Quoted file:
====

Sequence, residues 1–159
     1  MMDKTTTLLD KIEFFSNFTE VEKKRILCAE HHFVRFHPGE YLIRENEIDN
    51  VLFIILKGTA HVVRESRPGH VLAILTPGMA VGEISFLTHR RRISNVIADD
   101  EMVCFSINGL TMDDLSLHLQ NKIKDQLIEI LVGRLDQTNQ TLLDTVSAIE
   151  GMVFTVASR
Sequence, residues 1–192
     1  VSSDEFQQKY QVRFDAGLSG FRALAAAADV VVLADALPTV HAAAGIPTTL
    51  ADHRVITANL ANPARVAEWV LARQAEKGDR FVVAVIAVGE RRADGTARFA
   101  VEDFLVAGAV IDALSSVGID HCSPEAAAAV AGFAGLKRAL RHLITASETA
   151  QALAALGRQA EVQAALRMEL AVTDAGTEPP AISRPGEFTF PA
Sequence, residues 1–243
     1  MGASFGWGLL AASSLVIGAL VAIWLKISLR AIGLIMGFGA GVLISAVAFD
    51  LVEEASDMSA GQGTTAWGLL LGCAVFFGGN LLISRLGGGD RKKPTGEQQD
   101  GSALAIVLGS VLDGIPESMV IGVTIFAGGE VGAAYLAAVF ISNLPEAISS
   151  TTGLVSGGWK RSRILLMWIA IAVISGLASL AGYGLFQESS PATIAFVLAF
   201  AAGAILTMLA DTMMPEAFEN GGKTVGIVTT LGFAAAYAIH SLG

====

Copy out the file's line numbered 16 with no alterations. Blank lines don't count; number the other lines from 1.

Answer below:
   201  AAGAILTMLA DTMMPEAFEN GGKTVGIVTT LGFAAAYAIH SLG